He was man of action, who didn’t wait for someone else to step up when faced with an emergency, or when someone’s life was at risk. On four occasions, Mr. Beeler cleared the airways of choking victims – three of them children. In the 1970s, he raced to a NH hospital with a young employee who had slipped and crashed through a floor-to-ceiling window. In Watertown, CT, when neighbors called for help when their curtains were set ablaze, he ran across the street with his household fire extinguisher to quell the flames. Whether innate, or a consequence of his experience and training in the U.S. Military Services, those that were helped – and those who observed – were fortunate. Mr. Beeler was a proud Army Security Agency veteran, who served, beginning in 1954, for 2-1/2 years in the Philippines just after the close of the Korean War. He took his first college classes at the University of the Philippines (Clark Field), and later leveraged the G.I. Bill to finance his undergraduate education. Prior to his posting in the Philippines, he served in the U.S. Navy. His military service was transformative.
Mr. Beeler worked for years as assistant administrator, directing non-clinical operations at Bristol Hospital, Bristol, CT, his last position before retirement, and as district manager and director for various food service and hospitality companies. He had a talent for connecting at a personal level with his colleagues and employees, cultivating and developing staff, collaboration, and for helping to bring the best out in people. He retired in 2002.
As the 1960s ended, an opportunity directing food service at what was then Endicott Junior College, in Beverly, MA, led to a teaching opportunity. Mr. Beeler initially worked as instructor and assistant professor, and later became department head for Food Service Management at the college. He would later reflect fondly on these years as some of the best of his career.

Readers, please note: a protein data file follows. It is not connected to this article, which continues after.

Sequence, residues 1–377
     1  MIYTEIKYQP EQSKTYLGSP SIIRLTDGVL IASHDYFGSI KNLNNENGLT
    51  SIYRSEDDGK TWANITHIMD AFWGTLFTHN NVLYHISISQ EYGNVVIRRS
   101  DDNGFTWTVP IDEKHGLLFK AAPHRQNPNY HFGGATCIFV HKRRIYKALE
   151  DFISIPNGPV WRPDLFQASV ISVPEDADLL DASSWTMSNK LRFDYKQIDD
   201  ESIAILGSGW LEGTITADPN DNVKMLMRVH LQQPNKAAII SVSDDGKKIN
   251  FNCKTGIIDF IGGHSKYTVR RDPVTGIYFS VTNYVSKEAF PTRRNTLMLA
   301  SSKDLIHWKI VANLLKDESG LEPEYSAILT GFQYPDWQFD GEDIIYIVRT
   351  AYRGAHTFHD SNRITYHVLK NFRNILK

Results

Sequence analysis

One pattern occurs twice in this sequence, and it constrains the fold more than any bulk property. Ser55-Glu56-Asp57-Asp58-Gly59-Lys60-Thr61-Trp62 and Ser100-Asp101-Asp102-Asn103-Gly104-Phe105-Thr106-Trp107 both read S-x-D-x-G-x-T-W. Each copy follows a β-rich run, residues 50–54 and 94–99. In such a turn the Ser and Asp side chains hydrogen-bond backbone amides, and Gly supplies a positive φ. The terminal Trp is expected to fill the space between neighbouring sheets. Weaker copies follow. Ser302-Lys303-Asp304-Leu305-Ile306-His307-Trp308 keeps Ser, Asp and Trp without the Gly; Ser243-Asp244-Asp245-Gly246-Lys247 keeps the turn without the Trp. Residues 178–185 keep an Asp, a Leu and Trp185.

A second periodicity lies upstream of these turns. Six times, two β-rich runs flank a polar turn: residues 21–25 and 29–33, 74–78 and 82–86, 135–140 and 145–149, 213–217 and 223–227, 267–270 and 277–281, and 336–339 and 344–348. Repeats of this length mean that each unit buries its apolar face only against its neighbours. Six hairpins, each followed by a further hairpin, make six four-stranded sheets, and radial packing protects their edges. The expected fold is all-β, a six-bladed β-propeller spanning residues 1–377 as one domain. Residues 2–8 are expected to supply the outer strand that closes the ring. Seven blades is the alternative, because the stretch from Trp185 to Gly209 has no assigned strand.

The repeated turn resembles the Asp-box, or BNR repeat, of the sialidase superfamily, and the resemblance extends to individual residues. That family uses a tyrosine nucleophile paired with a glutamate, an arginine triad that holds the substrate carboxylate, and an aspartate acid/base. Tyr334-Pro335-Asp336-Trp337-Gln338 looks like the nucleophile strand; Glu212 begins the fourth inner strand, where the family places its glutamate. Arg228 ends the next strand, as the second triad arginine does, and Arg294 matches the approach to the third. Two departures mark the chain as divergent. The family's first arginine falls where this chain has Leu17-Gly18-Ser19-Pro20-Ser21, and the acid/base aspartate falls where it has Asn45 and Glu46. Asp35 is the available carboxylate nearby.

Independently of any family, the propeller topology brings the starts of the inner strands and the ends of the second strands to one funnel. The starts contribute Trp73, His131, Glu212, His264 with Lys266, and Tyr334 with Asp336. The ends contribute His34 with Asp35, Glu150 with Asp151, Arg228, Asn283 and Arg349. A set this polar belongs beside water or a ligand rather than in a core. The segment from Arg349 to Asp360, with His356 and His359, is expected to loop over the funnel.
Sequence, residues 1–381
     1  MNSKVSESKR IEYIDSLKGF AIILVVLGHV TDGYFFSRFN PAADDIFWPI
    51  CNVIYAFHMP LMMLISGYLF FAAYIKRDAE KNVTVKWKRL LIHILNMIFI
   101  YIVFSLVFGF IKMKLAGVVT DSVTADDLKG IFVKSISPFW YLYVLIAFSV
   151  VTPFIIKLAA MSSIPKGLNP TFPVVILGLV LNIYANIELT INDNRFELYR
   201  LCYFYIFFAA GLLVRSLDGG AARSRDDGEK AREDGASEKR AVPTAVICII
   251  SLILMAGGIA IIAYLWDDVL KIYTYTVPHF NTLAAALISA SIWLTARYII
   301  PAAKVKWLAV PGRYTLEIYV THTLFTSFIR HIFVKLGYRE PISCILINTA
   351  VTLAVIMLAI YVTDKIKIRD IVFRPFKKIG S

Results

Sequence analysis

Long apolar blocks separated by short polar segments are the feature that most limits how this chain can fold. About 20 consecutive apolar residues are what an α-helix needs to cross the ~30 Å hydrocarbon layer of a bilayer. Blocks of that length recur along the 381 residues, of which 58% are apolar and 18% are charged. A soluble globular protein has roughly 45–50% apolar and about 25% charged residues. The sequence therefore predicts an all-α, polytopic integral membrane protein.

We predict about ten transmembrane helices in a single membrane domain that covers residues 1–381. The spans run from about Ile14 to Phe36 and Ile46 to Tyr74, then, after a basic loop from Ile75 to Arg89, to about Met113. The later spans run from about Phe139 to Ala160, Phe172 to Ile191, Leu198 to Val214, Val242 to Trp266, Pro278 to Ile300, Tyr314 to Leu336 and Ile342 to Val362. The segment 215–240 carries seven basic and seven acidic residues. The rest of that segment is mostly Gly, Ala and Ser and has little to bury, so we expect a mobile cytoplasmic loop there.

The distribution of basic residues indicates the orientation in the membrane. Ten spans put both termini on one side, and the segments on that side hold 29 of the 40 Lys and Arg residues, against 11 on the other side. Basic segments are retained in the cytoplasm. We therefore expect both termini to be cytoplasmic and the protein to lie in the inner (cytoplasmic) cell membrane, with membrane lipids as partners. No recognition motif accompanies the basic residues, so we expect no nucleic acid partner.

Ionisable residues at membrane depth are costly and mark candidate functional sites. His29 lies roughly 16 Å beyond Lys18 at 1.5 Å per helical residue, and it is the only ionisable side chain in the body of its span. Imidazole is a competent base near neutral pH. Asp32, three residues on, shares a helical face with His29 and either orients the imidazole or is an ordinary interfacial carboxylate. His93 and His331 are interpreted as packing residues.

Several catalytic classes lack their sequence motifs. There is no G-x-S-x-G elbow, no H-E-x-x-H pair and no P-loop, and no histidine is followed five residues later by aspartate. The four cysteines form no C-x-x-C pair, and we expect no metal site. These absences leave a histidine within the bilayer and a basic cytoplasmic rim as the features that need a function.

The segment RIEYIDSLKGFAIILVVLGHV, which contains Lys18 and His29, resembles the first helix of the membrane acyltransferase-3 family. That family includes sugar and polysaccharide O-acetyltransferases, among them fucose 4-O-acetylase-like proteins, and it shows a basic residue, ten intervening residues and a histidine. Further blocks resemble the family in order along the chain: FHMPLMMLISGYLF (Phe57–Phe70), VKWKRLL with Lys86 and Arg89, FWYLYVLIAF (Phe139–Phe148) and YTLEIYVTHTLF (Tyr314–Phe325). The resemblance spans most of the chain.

Mr. Beeler was committed to his family, friends, and community. He was solid; a man who could be counted on. When he said he would do something, he followed through. When he said he would be somewhere, he would be – almost always early. He was often referred to by his sons as “The Rock”. He was so proud of his four accomplished sons, their brotherly bonds and friendship, and the lives they built for themselves and their families. He valued honest debate and enjoyed spirited conversation. He was forthright, grounded, led by example, pragmatic, savvy, a provider, a dedicated uncle, liked a game of chance, a raconteur, and life-long Pittsburgh Steelers fan.
Surviving: Four sons, their wives, and six grandchildren. John D., and Gabrielle Ward Beeler, of Sharon, MA; Michael A., and Margaret Musa Beeler, of Westport, CT; Jeffrey S. Beeler, and Karen Darmer, of Sudbury, MA; and Jason F. Beeler, and Christina Kacmar, of Plympton, MA.
Services: Friends and family are welcome to join a Celebration of Life from 3 - 5 p.m., on Saturday, June 18, at John Everett & Sons Funeral Home, 4 Park Street, Natick, MA. The memorial will be in person (MA) and virtual (details to follow). In lieu of flowers, donations can be mailed in John’s memory to: Friends, In care of Sudbury Senior Center, 40 Fairbank Road, Sudbury, MA, 01776. Checks payable to: “Friends of Sudbury Senior Citizens”.